Over 80% of surveyed families want the federal government to support all K-12 public schools via counseling and mental health services, free school lunch, free, high-quality preschool programs and increased funding for schools in low-income communities.

Among the 484 parents who responded to demographic questions, 27% consider themselves to be conservative, 24% liberal and 43% moderate. They were also socioeconomically and geographically diverse. About half of respondents were white, 15% Black, 24% Hispanic or Latino and 3% Asian. The margin of error is plus or minus 2.9 percentage points.

While the vast majority of school districts across the country have received additional federal funding to address COVID-related challenges, only 27% of parents reported having seen or heard anything about how these ESSER dollars were being used in their kids’ schools.

Just over 70% of parents, though, did report that their child’s public school had provided laptops or tablets for students since 2021 and about 45% said schools were offering additional tutoring or counseling services, which could have been supported by pandemic relief funds.

The ESSER funding results, Rodriguez said, reveal that parents did not get the voice they were promised in how that money was spent and that “a lot of things that we actually wanted — like additional mental health support — were not realized.”

“Are we whipping laptops and chromebooks at kids? Hell yes we are. Is that necessarily a good thing? I mean a lot of parents would argue that that’s not actually getting us to the outcome.”

Pro cell phones, wary of social media use

To help inform the survey’s focus, Rodrigues said the National Parents Union presented data to their Family Advisory Council around student use of social media and its impact on mental health.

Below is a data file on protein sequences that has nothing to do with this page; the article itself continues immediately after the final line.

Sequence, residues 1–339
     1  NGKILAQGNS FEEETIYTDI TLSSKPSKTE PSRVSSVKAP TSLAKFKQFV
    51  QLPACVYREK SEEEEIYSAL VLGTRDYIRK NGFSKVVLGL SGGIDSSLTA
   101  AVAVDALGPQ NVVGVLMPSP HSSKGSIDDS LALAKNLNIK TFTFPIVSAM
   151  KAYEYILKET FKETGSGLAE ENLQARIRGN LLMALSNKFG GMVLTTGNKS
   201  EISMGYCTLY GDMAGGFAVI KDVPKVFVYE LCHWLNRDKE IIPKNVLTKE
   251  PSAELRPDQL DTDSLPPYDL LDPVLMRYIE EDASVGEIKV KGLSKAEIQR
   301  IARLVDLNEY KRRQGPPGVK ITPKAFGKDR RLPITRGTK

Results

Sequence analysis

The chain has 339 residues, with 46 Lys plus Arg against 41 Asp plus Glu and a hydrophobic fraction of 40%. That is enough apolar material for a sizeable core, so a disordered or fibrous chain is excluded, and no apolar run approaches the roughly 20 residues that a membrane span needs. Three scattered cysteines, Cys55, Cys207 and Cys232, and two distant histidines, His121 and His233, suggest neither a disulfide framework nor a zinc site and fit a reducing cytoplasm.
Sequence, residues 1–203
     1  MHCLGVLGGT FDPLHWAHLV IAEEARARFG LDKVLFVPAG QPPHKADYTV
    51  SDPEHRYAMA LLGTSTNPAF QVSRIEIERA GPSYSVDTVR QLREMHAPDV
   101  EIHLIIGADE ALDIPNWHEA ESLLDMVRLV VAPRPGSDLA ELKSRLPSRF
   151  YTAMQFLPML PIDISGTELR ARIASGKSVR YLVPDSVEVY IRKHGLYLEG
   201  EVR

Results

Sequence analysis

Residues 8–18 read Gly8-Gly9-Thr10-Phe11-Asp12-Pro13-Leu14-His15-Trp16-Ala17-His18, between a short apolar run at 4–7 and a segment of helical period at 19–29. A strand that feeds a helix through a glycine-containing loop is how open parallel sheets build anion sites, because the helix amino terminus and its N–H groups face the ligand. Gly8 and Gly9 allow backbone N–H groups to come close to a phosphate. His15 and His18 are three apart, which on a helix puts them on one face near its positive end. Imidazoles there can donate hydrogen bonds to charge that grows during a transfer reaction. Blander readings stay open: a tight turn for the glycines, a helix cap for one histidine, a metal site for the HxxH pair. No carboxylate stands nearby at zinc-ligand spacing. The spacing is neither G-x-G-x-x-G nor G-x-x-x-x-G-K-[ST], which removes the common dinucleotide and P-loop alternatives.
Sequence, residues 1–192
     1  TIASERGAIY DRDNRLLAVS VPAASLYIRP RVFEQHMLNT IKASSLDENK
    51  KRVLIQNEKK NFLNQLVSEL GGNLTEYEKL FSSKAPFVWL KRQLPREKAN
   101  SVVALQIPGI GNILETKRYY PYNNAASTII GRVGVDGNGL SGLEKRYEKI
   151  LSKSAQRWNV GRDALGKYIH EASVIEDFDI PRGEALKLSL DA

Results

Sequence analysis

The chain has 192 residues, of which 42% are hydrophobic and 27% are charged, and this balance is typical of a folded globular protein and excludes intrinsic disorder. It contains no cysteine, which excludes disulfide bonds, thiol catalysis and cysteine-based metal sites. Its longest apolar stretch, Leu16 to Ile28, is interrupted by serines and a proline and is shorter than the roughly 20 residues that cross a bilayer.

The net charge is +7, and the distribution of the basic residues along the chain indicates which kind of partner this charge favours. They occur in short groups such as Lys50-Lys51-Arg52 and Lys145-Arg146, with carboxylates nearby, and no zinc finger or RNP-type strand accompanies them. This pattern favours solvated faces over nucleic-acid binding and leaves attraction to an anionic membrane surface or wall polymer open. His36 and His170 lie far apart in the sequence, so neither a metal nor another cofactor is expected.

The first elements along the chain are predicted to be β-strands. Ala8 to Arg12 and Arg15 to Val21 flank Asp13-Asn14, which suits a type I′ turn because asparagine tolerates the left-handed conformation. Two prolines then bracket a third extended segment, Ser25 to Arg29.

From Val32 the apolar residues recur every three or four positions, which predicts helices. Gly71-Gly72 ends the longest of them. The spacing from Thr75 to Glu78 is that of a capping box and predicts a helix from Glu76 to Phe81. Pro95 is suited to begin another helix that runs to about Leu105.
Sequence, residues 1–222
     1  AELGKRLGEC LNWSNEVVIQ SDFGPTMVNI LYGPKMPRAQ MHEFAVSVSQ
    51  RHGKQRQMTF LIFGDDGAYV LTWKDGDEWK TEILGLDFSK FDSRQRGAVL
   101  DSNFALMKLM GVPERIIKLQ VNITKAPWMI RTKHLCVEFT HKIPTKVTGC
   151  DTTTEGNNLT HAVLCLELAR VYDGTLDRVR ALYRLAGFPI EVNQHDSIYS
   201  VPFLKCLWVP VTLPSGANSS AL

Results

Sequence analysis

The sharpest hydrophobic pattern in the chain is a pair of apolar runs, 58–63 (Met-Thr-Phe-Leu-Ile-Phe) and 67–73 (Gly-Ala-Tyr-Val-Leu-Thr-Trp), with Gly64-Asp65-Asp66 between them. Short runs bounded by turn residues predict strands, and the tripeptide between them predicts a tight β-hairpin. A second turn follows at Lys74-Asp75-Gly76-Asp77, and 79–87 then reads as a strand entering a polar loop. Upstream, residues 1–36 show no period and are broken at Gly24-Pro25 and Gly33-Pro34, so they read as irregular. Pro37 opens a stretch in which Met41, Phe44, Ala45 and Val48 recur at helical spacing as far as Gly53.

A new understanding emerged from these discussions: Parents view cell phones and social media as separate issues, yet the two have become convoluted. This reframing was a lesson for her, she said, both as president of the organization and as a mother.

This same distinction was borne out in the survey results, she said: Parents want their kids to have access to their phones during the school day so that they can stay in touch with them, but they also recognize the dangers of social media and its negative impact on their children.

The top reasons kids use their phone, according to surveyed parents, is to contact family members, play games, contact friends, listen to music and take videos. A majority of parents (65%) also reported that their children used their phones for social media and 83% said there should be a minimum age limit on when kids are allowed to have their own social media accounts, with the largest share (20%) citing age 13. Just under 30% of parents said their children spend somewhere between four and five hours a day on their phone.

Despite social media concerns, nearly half of parents said their child’s cell phone use had a positive impact on them and an additional 42% said phones have about an equally positive and negative impact.

Parents listed a number of reasons they want their kids to take phones to school, with about 80% saying it was so they could use it in case of an emergency. About half of parents said it was an important tool for coordinating transportation to and from school, and 40% said they want their kids to be able to communicate with them about their mental health or other needs throughout the day.

Just over half of parents believe that kids should sometimes be allowed to use their cell phones in school, while about a third believe students should be banned from using phones unless they’re needed for a medical condition or disability. There was very little parent support for locking up students’ cell phones in secure pouches or containers.

“I think it goes back to something that we have been talking about since the beginning of the pandemic and the Great Parent Awakening,” Rodrigues said, “which is that the implicit trust that parents have in schools— that they're going to tell us what's going on and the communication — a lot of that has eroded. And that's not toothpaste you can put back in the tube.”

Disclosure: Walton Family Foundation provides financial support to the National Parents Union and to Maybach Media.